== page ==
As the steady drip of new cases of the H5N8 strain of bird flu from the Netherlands threatens to turn into a flood, there has been a concerted effort to find the source of these outbreaks.
The disease has been found in Germany and the UK but the Netherlands has seen the most cases.
Despite every case so far being found in indoor farms, some are arguing vociferously for all free range flocks to be brought indoors and claiming wild birds are responsible for giving farm birds the disease.
This leap of logic withers under the light of the statement released yesterday by the Scientific Task Force on Avian Influenza and Wild Birds.
The first “key message” of the task force, which is made up of organisations including Bird Life International, the UN Food and Agriculture Organisation and the Royal Veterinary College, is unequivocal:
“Highly pathogenic avian influenza (HPAI) outbreaks are most frequently associated with intensive domestic poultry production and associated trade and marketing systems.”
I would urge everyone to read the statement. It is a rigorously balanced but clear assessment of the facts as we know them. It reacts to the irresponsible scapegoating of wild birds with a firm call for a balanced approach which doesn’t focus on wild birds at the expense of other potential sources, entreating organisations and agencies to:
“Ensure there is no consideration of killing of wild birds or negatively affecting wetland habitats as disease control measures; and recognise that focussing attention on wild birds, to the exclusion of other potential viral vectors, can misdirect critical resources away from effective disease control and result in continued spread among poultry populations and economic losses to farmers and national income, as well as negative conservation outcomes and loss of biodiversity.”
Common sense marries up nicely with science in this case. If all of the cases so far have been on indoor farms, and the disease has only been found in one Teal, significantly after the outbreak in Germany, and two Wigeon in the Netherlands, then is it not more likely that the direction of infection is from intensively farmed to wild birds through the droppings spread on fields, rather than the other way around?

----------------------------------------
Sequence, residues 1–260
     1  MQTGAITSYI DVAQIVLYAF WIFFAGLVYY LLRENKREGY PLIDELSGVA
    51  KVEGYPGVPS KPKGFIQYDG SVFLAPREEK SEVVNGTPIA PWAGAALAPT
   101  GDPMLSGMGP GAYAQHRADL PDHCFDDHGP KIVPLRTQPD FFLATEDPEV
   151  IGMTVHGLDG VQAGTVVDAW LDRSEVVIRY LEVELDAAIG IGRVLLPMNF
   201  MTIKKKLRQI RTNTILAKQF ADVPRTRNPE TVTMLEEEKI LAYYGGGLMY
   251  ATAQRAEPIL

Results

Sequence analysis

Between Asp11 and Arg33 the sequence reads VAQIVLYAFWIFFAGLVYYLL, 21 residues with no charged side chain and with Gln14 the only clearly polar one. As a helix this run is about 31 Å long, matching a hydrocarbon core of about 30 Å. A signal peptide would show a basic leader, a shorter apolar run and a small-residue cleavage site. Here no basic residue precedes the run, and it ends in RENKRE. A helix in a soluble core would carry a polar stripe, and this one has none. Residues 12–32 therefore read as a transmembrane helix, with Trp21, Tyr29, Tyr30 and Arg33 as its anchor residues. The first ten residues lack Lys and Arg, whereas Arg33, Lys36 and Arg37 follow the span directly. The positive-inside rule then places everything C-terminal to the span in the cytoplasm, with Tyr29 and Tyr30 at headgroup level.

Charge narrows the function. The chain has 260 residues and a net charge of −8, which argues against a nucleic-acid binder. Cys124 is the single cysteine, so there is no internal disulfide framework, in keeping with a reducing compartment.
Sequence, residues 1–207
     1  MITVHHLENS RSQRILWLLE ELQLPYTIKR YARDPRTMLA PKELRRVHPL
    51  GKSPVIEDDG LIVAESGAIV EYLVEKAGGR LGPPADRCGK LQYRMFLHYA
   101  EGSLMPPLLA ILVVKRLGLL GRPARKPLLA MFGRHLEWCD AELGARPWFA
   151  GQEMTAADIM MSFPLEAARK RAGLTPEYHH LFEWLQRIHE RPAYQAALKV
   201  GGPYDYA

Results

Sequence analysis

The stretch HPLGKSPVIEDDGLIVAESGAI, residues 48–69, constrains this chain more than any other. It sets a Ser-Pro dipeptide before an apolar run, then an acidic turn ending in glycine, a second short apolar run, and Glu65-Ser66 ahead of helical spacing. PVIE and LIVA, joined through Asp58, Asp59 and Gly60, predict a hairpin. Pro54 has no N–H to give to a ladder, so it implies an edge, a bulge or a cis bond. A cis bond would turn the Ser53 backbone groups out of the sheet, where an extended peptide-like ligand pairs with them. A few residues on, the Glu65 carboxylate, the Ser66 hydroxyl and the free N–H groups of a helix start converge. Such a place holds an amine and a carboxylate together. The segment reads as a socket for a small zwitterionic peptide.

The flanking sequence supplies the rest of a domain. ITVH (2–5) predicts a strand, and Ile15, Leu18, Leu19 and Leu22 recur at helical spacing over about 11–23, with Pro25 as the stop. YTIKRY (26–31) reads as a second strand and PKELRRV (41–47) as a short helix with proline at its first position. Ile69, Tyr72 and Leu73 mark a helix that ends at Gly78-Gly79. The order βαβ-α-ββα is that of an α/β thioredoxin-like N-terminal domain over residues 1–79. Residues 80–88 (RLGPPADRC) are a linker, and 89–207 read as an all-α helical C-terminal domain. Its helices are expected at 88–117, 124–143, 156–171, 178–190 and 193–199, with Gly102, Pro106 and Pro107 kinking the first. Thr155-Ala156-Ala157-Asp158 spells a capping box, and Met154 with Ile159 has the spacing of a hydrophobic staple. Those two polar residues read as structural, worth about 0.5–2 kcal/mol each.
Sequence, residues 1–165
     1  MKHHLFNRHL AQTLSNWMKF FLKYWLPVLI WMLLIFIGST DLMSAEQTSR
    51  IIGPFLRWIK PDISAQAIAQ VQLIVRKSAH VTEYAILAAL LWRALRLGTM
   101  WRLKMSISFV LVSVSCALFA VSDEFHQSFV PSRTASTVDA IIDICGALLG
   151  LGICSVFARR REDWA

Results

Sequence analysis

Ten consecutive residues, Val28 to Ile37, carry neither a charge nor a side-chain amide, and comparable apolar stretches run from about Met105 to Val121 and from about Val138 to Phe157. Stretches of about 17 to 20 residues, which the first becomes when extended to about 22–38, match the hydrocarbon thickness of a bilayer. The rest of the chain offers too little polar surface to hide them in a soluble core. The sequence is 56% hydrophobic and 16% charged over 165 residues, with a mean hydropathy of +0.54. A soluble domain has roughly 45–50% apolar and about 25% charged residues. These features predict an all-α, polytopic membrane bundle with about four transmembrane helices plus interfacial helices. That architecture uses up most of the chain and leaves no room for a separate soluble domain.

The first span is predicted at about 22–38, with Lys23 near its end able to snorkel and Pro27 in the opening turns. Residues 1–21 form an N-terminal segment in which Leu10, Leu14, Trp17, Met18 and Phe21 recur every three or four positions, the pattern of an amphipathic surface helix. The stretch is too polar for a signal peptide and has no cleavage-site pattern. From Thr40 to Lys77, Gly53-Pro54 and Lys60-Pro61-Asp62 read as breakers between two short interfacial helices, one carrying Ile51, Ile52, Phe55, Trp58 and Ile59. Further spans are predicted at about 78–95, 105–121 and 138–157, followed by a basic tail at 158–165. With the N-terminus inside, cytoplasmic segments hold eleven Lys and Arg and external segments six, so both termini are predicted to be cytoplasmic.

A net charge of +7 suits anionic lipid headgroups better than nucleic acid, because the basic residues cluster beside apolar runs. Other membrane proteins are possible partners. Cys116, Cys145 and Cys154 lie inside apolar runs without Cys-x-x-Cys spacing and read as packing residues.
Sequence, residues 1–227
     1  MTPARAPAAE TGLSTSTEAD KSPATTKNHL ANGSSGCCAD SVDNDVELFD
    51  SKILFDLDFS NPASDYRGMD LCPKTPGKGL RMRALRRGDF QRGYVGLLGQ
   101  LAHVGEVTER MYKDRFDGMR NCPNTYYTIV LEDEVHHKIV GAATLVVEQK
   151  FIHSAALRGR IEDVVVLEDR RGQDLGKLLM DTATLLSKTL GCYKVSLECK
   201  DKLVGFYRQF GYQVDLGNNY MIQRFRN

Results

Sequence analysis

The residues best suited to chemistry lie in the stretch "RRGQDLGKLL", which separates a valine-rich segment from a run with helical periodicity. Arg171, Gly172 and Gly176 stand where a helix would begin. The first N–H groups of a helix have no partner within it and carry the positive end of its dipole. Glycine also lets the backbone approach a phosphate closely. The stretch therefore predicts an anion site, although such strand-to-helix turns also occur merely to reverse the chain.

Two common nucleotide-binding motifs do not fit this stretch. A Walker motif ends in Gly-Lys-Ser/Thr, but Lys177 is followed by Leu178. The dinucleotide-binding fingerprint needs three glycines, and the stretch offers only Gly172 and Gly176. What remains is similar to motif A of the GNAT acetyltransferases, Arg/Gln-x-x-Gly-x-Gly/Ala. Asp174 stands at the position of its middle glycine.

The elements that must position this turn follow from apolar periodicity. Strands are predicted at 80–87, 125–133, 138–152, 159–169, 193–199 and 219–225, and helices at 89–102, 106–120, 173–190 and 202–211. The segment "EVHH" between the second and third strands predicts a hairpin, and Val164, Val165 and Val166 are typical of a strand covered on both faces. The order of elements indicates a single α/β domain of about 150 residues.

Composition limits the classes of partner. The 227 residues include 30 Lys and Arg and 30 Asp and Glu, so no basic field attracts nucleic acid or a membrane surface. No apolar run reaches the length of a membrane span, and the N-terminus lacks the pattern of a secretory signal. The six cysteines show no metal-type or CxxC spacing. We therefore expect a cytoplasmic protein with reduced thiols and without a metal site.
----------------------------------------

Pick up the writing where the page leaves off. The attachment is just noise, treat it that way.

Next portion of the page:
We can see this bias in the recent call from the International Poultry Council any trade bans designed to contain avian influenza outbreaks do not affect the supply of breeding stock.
The statement also points out something else we at Compassion have been saying:
“There is speculation that the virus has been spread from eastern Asia via wild birds. Firstly, it should be noted that direct migration by wild birds from eastern Asia (e.g. China or Korea) to western Europe would be highly unusual. Flyways are characteristically ‘north – south’ (with some areas of ‘overlap’ of contiguous flyways at higher latitudes), and waterbirds breeding in northeast Asia tend to migrate southwards into east and southeast Asia, and not into Europe.
“Movement of the virus from eastern Asia into western Europe via wild birds within an apparently short timeframe would be extraordinary, particularly in the absence of extreme weather conditions during this time.”
I said the statement is balanced because it doesn’t rule out completely the hypothesis that the disease has been spread by wild birds, but what it does do is caution us against this rush to scapegoat wild birds, which could lead to disastrous actions like culling them, which would not get rid of the problem of avian influenza and would devastate vital ecosystems.
With new outbreaks in Canada, the strain of which have yet to be identified, we should heed the message of the scientific task force and be highly sceptical of those who seek to deflect attention away from the intensive poultry industry, to whose ranks the disease has so far been confined.